In multicultural areas of the Belgian capital, an education project is drawing on family history to foster understanding and integration. Veronique Mistiaen investigates
“For me the most moving moment is when children turn their [family] trees upside down and the roots become branches – branches that will help them grow and blossom,” says Racines founder Vinciane Hanquet.
Racines (or Roots) is a Belgium-based multicultural school programme that helps pupils trace their family history. Through activities such as building a genealogical tree, drawing migration maps and collecting stories and mementos from family members, they discover and learn to value their identity.
A teacher with 40 years of experience, Hanquet wanted a tool that would both help children feel more comfortable with who they are and be more understanding of people from different backgrounds.
This work is particularly important in a country with a high rate of migration, she says. Belgium has an estimated migration rate of 5.9 migrants per 1,000 people – the 21st highest in the world. “We discover that if our own trees blossom under the Belgian sun, or rain, our roots extend under all continents. If a child is proud of himself, his family and his culture, he is more likely to accept other children. And if a child discovers other children’s history, she will respect them more and get to see differences as richness.”
One of the first schools involved in the project was St Ursule in Molenbeek – the low-socioeconomic Brussels district recently depicted by the media as a breeding ground for terrorism.
“Considering the heavy current events, it seems very important that this type of project takes place in our schools. Let’s get to know and understand one another!” says St Ursule’s teacher Anne Van Laer, who completed the project with one year six class. Most of Van Laer’s students are from migrant backgrounds.
We believe that it will lead to a better knowledge of oneself, a cultural openness and a better understanding between people from different backgrounds
“I remember the pride with which some students composed their family portrait, showing all the trips there had been – the departure from Morocco, the arrival in Belgium, finding work and only then bringing the family in,” says Véronique Guévar. She ran the project with her year five class in a Brabant Wallon school last year. “Even if there was no migration, everyone has a story. We learn things about each other, and this breaks the ice. We feel no longer alone.”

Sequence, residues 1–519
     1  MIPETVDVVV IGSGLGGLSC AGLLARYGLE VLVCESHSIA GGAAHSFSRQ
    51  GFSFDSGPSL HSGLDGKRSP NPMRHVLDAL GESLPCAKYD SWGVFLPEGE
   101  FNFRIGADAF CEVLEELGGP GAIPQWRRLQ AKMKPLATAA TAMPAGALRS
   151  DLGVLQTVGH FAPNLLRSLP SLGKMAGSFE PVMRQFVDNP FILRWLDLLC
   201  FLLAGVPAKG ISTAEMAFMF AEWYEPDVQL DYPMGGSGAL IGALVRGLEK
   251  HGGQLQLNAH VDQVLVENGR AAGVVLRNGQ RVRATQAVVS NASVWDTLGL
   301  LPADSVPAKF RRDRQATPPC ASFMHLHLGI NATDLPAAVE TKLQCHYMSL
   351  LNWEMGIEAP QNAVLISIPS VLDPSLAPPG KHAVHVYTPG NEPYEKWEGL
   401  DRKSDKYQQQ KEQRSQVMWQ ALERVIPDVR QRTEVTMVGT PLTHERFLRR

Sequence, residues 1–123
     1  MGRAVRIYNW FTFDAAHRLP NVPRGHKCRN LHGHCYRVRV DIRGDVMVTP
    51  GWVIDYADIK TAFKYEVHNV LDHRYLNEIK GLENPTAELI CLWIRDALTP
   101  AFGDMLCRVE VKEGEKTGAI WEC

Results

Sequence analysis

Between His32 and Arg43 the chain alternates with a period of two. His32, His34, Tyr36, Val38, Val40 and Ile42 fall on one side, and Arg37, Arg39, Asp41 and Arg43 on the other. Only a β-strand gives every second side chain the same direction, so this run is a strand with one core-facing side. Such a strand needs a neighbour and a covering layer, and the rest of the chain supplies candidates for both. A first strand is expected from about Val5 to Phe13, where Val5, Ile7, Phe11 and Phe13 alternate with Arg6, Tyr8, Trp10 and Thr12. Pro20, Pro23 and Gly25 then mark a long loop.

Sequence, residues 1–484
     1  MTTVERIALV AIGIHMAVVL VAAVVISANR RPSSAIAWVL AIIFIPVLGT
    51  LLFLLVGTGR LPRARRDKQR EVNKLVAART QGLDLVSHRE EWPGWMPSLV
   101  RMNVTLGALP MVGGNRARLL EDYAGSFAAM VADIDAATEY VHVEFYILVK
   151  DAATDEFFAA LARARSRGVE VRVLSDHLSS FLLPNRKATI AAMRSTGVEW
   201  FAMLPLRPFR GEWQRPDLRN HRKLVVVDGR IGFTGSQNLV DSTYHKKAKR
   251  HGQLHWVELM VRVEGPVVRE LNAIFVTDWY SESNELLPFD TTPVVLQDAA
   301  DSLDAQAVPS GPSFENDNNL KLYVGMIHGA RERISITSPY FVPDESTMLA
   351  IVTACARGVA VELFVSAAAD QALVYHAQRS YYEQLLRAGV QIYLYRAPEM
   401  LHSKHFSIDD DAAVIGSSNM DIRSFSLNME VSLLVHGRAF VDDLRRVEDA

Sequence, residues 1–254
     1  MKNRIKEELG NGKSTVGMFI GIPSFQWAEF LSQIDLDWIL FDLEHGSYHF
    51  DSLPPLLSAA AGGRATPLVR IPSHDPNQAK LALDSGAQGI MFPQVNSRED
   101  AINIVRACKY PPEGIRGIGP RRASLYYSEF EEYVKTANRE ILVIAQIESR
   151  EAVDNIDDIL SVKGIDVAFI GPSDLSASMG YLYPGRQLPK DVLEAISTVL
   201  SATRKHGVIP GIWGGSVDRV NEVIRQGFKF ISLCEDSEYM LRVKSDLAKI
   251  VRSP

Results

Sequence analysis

Hanquet has introduced Racines to more than 20 primary schools in Brussels and the Wallonia region, and some 1,000 children were involved in the programme in 2015 alone.
The project links easily to many curriculum topics, including history, geography, writing, public speaking and languages. Teachers can adapt it according to their needs, but they all begin with an ascending tree, starting with the child, then branching out to their parents, grandparents and great-grandparents – spanning about 100 years of history.
Over two to four months, the pupils interview family members and collect documents including ID cards, birth certificates, letters and photos. They gather evocative objects such as jewellery, pieces of clothing, recipes and musical instruments. They also anchor their roots in time, charting their family history in relation to major historical events. In the process, they explore the evolution of communication, transport, leisure, fashion, food and culture across the generations.
“This project has sparked communication in families who don’t usually talk about themselves and who keep their life journeys more or less taboo,” says Van Laer.
“I think it’s important to know my roots,” says Yen, a student who has participated in the programme. “For me, from Cambodia, I have learned to know my grandparents who still live there… I communicated with them on the internet.”
Racines is generating interest in Belgium and abroad, but so far it is surviving on short-term grants and Hanquet’s and other teachers’ passion and energy. There has not yet been any formal evaluation of the programme, and it is difficult to assess its long-term impact as students have moved to secondary school. But many teachers, families and pupils recognise it can foster self-esteem and integration.
“We are confident that this project will have a positive impact not only on children, but also on adults,” says Ilir Strazimiri, director of St Dominique primary school in Schaerbeek, another multicultural district of Brussels. His team is so enthusiastic about the project that they have decided to run it across all their primary school year groups this year. He says: “We believe that it will lead to a better knowledge of oneself, a cultural openness and a better understanding between people from different backgrounds.”
Photo: Molenbeek district, Brussels. Credit:REUTERS/Francois Lenoir